That honor belongs to a beautiful, colorful and convention-defying woman named Victoria Woodhull, who ran for the office in 1872 , 136 years It wasn ’ t a secret that Woodhull ran for president in 1872 , half Social media memes compared a defensive wall built along the northern border of New

First, though, Woodhull needed a party, and there was no way Republicans or Democrats were going to choose her (they went with Ulysses S. Grant and Horace Greeley, a Liberal Republican, respectively.) Though she had support within the National Woman Suffrage Association (NWSA), its co-founder, Susan B. Anthony, did not support her presidential ambitions, MacPherson writes.

So Woodhull hijacked the NWSA convention in May 1872, gliding onto the stage and declaring that “this convention adjourn to meet tomorrow morning at Apollo Hall!” according to MacPherson.

On May 10, she convened a meeting of her newly formed Equal Rights Party at Apollo Hall in New York City. In “The Scarlet Sisters,” MacPherson describes a progressive, diverse, chaotic and ultimately empowering scene:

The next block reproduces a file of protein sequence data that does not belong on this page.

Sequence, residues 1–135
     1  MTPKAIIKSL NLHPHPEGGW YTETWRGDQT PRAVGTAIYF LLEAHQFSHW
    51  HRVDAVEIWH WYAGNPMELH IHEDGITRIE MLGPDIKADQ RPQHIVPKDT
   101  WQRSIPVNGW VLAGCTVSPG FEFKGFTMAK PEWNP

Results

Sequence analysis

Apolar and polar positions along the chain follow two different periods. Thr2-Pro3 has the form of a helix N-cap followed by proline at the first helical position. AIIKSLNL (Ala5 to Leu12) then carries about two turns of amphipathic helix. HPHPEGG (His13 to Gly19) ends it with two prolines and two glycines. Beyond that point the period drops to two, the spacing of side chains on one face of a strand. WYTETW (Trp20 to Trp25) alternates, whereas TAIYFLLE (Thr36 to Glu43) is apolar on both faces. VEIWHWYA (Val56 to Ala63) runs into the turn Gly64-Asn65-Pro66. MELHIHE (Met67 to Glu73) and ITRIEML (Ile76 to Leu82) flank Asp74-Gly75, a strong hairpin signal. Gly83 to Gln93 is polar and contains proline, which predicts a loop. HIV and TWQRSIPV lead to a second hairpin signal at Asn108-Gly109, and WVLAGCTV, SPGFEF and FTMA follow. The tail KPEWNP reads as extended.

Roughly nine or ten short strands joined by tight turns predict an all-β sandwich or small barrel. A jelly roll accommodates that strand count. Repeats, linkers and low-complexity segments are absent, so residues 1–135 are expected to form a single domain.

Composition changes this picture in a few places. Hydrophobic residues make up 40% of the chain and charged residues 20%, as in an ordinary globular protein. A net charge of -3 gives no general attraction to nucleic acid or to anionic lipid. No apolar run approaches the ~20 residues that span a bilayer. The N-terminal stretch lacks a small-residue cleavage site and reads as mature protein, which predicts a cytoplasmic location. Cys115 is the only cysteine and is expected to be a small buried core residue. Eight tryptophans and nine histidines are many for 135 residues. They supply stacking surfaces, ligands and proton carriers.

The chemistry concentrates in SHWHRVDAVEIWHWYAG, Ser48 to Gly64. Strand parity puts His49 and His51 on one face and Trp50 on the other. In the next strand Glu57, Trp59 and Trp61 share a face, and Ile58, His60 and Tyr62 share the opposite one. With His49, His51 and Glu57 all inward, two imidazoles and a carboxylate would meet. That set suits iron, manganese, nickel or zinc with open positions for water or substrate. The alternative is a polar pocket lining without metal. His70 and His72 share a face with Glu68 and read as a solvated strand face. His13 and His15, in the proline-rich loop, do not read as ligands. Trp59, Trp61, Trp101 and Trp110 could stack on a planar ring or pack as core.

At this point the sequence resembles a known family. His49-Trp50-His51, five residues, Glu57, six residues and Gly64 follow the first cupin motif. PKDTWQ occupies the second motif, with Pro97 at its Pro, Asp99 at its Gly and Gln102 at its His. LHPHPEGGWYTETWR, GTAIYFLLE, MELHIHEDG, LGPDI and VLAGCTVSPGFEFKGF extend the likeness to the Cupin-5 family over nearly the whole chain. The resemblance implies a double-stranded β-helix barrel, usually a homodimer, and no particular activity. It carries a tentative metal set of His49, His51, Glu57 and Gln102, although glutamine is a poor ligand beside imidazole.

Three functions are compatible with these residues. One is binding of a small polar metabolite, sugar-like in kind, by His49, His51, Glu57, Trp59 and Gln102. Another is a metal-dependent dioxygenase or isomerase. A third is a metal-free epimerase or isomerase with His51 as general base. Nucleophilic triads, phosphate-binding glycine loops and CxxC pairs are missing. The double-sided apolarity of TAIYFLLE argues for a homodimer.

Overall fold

As delegates assembled in Apollo Hall on the morning of May 10, they were tagged the most “heterogeneous gathering that assembled in any city in any age.” […] Banners draped throughout the hall reflected the party’s support for radical working-class issues: government protection from the cradle to the grave; public employment a remedy for strikes. Blue silken banners on either side of the platform included one with gold writing: Jesus said: give to the poor
Woodhull waited until the roar of applause died down, then gave an hour-long firebrand speech, denouncing politicians and the U.S. Constitution. “Some may call this a revolution. Well, and if it does mean revolution what then? Shall we be slaves to escape revolution?” Her voice rising, she shouted, “I say, never! I say, away with such weak stupidity ... let us have justice, though the heavens fall!” To tremendous applause and cheering, she called for a united movement to purge the country of “political trickery, despotic assumption and all industrial injustice.” A new constitution was needed to replace an inadequate, “blood-stained document.” In the din, a delegate jumped up and swiftly nominated Woodhull for president; this was followed by a five-minute standing ovation. The uproar was so great that crowds rushed in from the street. Rumors that Woodhull had fainted were quelled when she reappeared onstage. Her bosom heaving and her voice trembling, she said, “I thank you from the bottom of my soul for the honor you have conferred upon me tonight.”